Monday, December 15, 2008

The Illusion of Irrationality: Free Is Fun

A friend loaned me his copy of Predictably Irrational, by Dan Ariely. Ariely's a behavior economist, exploring all the ways people don't react in quite the same ways theory predicts. It's a fascinating area of research, a blending of economics and psychology. The book itself is well written and the content makes you think. But it goes way too far.

Because people don't act as theory predicts, Ariely proclaims they are irrational. In reality, the theory doesn't capture all the elements in play (or Ariely's not acknowledging they do). For example, Ariely dedicates chapter three to how people will get something just because it's free, even if it's not the better deal. They'll choose the free $10 gift certificate over a $20 gift certificate which costs seven dollar (effectively choosing $10 over $13). But people like getting things for free. Even if it's not really free, even if we know it's not really free.

Ironically, Ariely said it best: "FREE! gives us such an emotional charge that we perceive what is being offered as immensely more valuable than it really is." (p54) If it gives us that emotional charge, it really is more valuable. People also gamble though few will think they actually come out ahead. The joy comes from those few times you win. That joy, that emotional charge of getting something for nothing, is valuable to people and they'll gladly pay for it in the form of a lost opportunity.

My theory is easily testable (though expensive). Start by offering the $10 gift certificate versus $20 certificate for $7. Then increase that value from $20 to $30 then $40 then $50, steadily increasing the (opportunity) cost of the indulgent from $3 to $13 to $23 to $33. I'll bet you'll see more people start grabbing for their wallets, rationally determining that the joy of FREE! isn't worth the cost.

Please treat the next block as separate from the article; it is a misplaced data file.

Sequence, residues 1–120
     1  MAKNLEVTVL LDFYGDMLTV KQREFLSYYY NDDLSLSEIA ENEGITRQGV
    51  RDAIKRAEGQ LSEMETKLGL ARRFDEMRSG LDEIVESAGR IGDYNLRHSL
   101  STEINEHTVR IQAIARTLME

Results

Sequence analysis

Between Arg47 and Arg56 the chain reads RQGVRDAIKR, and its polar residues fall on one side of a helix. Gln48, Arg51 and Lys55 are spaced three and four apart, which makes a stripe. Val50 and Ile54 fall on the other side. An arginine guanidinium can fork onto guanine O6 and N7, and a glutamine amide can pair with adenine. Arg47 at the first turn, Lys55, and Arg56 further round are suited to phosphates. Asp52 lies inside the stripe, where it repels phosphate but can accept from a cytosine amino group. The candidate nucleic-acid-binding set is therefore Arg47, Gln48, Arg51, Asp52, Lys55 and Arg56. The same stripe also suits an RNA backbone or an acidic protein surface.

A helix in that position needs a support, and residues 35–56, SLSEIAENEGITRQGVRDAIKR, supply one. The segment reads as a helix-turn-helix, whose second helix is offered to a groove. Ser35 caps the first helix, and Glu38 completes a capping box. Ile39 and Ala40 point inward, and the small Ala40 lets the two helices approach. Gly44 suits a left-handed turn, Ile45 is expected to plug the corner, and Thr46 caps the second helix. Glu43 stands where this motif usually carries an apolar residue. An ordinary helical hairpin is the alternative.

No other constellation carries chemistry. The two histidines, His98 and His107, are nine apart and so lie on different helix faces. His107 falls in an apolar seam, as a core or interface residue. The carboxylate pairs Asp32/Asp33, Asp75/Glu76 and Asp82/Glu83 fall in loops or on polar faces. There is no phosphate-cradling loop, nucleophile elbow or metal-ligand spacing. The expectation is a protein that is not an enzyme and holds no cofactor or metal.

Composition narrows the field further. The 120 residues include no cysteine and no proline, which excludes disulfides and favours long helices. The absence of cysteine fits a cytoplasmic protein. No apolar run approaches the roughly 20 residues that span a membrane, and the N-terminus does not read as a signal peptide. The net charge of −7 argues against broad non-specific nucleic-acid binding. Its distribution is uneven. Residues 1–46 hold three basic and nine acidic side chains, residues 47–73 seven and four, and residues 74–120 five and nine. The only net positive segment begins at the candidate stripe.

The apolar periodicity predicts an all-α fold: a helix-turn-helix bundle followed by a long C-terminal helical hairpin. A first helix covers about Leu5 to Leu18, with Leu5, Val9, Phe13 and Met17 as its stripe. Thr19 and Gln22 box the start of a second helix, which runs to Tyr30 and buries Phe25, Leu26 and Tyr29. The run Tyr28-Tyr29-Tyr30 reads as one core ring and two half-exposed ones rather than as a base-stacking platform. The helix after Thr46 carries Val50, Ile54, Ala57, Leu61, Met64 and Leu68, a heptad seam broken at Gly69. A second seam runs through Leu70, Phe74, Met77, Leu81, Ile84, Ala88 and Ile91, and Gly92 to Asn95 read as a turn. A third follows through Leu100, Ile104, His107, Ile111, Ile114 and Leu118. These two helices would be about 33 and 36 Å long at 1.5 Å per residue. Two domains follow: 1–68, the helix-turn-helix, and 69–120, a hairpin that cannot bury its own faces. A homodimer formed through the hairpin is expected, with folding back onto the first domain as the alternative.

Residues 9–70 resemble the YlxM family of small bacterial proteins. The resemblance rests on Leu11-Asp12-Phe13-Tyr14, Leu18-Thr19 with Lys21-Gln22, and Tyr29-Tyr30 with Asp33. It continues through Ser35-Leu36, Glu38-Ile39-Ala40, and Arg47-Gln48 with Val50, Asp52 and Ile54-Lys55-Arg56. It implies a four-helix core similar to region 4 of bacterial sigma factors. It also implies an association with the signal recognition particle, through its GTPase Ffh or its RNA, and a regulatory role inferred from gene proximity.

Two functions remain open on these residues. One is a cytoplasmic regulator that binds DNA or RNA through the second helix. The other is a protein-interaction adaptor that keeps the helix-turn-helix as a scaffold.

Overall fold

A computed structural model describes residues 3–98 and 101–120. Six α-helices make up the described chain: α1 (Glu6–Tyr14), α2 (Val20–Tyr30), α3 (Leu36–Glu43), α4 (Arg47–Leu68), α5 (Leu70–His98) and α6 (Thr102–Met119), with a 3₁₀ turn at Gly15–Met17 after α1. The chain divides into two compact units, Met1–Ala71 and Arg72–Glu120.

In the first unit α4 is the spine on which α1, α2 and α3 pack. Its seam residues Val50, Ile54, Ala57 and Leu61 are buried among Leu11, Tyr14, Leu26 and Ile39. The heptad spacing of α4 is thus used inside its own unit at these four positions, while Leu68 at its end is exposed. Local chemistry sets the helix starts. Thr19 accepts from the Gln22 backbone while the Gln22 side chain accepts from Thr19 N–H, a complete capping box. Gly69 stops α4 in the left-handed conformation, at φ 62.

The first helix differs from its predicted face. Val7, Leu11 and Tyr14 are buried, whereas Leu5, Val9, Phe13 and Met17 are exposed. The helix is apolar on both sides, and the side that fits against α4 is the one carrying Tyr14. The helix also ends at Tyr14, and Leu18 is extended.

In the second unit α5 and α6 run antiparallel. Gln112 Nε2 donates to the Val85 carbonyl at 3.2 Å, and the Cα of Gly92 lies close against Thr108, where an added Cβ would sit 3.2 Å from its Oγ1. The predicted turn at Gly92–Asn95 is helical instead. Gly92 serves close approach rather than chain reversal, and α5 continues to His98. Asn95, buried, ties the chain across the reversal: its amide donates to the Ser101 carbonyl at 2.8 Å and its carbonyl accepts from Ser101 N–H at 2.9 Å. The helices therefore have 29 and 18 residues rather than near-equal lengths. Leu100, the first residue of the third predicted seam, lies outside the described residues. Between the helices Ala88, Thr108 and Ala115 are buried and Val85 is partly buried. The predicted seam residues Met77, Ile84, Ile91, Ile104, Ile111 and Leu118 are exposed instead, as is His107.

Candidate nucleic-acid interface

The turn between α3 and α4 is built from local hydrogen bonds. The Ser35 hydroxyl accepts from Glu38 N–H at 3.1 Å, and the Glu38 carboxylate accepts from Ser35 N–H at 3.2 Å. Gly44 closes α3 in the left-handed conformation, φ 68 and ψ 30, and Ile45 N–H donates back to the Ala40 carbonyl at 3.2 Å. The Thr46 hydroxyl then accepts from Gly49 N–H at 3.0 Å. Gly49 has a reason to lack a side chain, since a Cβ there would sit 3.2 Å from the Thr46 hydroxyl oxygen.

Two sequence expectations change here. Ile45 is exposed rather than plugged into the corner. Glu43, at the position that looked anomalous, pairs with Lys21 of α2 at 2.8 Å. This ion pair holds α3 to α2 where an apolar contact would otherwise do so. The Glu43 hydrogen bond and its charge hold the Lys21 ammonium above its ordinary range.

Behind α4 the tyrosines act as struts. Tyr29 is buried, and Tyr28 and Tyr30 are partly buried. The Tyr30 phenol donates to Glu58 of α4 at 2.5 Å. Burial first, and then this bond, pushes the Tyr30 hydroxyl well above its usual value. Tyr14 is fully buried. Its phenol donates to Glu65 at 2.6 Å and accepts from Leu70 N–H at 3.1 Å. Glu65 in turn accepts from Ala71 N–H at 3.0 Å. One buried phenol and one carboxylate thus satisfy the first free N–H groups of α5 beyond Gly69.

Anonymous said...

I saw that book and thought about you, David.

Yep, darn free will getting in the way of perfectly good theories. That's why psychology, economics, political science are the soft sciences. It's hard to evoke a theory with so many variables. In your example, I would be aware that it would be to my advantage to pay the $7 and get a net profit of $13. But since I rarely carry much cash with me, I may not have the $7 to give. Even if other forms of payment are accepted, the hassle may be worth more than $3.

It reminds me of supermarket advertising. Buy one get one free is not the same as half off because you're required to get 2 items. If I just need one (say milk), the free item will be wasted and result in a loss.

I think that's the biggest problem with deregulation of businesses and similar ideas. They assume that people act rationally according to the highlighted theory. But people don't act rationally according to the theory, people can have a thousand reasons to do or not do something which the theory does not take into account. That leads the a failure of the theory and the solution it's suppose to provide.


CalLady said...

Keep in mind that gift card dollars aren't worth as much as US$. How many "free" gift card dollars do you need to add to your US$7 in order to make the customer think he's even getting a fair exchange? There are some places that I wouldn't accept "completely" free gift cards for.

-Jenny's li'l sis

locksmith mesa said...

Freedom is more fun!